May 5th marked 40 years since Bobby Sands (Roibeárd Ó Seachnasaigh) was murdered by the British State. Sands was a Volunteer within the Provisional IRA and once he was imprisoned became the officer commanding for the PIRA prisoners.
After years of bitter struggles waged by the Irish prisoners, in an effort to further raise awareness of their struggle and demands he launched a campaign to become a member of Parliament for the constituency of Fermanagh and South Tyrone doing so on an anti-H Block and political prisoner status platform. His campaign received mass support as part of a broader attempt by the revolutionary prisoners to politicize and disrupt all aspects of rule in not just the north of Ireland but the actual institutions of British occupation. He would win, only to die less than a month later. Sands was the first of ten Irish Republican revolutionaries who would commit themselves to hunger strike within the Maze/H Block prison. The British government refused to concede and the hunger strikers died. Sands was 27 years old.
Sands took to study and writing while in prison. He was prolific in his poetry, which spoke to both the unique Irish situation as well as to its place within a broader international struggle for justice, revolutionary self-determination and freedom.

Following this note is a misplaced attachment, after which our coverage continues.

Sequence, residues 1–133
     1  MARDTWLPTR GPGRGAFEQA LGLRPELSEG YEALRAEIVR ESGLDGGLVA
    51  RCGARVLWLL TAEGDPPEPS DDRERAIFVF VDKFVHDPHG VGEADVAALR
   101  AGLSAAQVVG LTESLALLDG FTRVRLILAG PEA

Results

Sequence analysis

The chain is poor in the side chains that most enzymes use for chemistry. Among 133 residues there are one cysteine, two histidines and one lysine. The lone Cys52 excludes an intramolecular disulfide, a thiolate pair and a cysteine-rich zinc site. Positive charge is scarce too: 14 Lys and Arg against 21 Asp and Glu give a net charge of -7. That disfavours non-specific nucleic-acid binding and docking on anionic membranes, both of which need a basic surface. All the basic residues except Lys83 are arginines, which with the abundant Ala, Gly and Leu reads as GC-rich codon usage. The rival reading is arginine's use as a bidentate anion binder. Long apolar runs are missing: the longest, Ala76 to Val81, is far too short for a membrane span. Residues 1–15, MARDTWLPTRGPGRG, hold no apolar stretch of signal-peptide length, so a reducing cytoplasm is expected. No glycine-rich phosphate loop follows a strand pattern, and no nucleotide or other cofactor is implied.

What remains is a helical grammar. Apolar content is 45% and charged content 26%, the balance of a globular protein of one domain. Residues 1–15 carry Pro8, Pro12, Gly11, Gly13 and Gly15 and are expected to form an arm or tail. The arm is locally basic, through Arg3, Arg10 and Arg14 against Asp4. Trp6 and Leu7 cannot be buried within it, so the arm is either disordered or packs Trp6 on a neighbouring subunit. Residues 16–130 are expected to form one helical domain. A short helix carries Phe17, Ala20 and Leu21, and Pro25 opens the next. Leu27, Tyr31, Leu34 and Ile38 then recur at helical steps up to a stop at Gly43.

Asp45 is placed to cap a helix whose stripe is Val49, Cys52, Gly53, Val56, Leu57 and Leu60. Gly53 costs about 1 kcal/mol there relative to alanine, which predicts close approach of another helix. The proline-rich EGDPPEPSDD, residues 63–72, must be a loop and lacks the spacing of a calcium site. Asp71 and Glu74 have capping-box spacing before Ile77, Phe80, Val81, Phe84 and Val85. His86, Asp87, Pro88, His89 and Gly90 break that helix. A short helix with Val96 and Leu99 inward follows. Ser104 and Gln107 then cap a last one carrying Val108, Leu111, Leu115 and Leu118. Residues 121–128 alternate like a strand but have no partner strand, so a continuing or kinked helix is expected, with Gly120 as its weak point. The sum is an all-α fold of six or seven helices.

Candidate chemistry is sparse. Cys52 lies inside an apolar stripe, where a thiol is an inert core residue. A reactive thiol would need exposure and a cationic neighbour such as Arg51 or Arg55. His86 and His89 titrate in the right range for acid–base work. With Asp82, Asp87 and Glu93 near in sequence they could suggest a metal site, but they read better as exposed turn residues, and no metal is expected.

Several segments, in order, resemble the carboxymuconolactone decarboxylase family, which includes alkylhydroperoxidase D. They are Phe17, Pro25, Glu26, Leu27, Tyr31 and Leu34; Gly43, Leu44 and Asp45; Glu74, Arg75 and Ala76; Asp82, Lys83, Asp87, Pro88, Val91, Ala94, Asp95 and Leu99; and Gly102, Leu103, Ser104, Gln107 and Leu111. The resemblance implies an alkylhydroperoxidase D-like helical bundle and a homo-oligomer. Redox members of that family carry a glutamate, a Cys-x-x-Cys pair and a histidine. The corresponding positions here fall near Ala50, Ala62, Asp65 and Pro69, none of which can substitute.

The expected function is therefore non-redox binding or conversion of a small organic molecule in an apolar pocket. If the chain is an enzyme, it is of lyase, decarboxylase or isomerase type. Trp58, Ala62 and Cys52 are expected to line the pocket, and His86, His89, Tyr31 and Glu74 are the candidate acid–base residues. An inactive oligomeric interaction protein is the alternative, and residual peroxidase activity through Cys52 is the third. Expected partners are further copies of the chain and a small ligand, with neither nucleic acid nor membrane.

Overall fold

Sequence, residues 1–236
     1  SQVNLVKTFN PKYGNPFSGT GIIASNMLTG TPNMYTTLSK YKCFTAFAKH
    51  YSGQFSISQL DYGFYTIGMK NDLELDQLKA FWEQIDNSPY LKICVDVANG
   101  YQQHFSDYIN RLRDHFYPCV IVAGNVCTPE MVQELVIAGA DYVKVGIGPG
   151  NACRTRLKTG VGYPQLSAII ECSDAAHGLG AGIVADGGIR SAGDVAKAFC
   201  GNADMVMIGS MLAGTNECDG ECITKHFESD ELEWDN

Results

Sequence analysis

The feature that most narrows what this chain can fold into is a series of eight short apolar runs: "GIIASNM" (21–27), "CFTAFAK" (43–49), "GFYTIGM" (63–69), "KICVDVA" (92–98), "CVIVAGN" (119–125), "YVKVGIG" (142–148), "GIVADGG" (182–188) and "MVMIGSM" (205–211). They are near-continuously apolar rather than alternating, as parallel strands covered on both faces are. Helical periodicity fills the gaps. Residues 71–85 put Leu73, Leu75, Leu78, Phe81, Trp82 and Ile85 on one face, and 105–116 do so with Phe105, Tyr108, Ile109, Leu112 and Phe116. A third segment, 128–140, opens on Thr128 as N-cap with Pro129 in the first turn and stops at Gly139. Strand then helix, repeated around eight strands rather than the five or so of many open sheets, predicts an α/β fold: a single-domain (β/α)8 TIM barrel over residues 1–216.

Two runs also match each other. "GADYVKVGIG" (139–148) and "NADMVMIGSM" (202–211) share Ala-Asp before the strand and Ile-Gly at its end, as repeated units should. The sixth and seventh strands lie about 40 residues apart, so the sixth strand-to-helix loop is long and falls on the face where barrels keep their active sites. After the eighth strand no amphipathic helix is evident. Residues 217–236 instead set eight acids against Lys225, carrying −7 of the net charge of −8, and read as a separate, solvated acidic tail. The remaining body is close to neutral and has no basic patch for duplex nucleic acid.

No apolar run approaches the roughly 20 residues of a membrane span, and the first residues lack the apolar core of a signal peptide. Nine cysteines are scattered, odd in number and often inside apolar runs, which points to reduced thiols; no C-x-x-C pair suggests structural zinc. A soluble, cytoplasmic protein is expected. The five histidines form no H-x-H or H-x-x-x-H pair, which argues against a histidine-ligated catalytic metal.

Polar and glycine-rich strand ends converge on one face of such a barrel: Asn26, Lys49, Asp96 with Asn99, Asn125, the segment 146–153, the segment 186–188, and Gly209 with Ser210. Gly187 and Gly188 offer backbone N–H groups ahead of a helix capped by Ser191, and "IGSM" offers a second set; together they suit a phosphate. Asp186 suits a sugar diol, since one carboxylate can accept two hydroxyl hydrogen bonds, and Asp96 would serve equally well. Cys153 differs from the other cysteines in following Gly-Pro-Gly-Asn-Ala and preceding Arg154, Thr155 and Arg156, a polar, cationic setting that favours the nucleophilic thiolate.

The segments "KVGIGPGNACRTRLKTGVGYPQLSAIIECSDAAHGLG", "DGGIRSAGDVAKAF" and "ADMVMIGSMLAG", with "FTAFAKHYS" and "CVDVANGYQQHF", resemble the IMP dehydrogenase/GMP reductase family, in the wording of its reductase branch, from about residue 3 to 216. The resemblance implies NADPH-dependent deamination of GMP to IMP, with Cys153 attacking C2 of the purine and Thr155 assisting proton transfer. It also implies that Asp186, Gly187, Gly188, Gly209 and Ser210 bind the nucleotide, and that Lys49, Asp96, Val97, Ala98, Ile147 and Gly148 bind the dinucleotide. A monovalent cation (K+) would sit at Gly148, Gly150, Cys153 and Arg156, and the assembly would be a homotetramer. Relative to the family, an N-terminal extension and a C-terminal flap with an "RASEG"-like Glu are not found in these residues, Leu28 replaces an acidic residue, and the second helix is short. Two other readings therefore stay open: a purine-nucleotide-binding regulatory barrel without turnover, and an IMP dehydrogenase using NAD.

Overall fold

The Rhythm of Time
There’s an inner thing in every man,
Do you know this thing my friend?
It has withstood the blows of a million years,
And will do so to the end.
It was born when time did not exist,
And it grew up out of life,
It cut down evil’s strangling vines,
Like a slashing searing knife.
It lit fires when fires were not,
And burnt the mind of man,
Tempering leandened hearts to steel,
From the time that time began.
It wept by the waters of Babylon,
And when all men were a loss,
It screeched in writhing agony,
And it hung bleeding from the Cross.
It died in Rome by lion and sword,
And in defiant cruel array,
When the deathly word was ‘Spartacus’
Along with Appian Way.
It marched with Wat the Tyler’s poor,
And frightened lord and king,
And it was emblazoned in their deathly stare,
As e’er a living thing.
It smiled in holy innocence,
Before conquistadors of old,
So meek and tame and unaware,
Of the deathly power of gold.
It burst forth through pitiful Paris streets,
And stormed the old Bastille,
And marched upon the serpent’s head,
And crushed it ‘neath its heel.
It died in blood on Buffalo Plains,
And starved by moons of rain,
Its heart was buried in Wounded Knee,
But it will come to rise again.
It screamed aloud by Kerry lakes,
As it was knelt upon the ground,
And it died in great defiance,
As they coldly shot it down.
It is found in every light of hope,
It knows no bounds nor space
It has risen in red and black and white,
It is there in every race.
It lies in the hearts of heroes dead,
It screams in tyrants’ eyes,
It has reached the peak of mountains high,
It comes searing ‘cross the skies.
It lights the dark of this prison cell,
It thunders forth its might,
It is ‘the undauntable thought’, my friend,
That thought that says ‘I’m right!’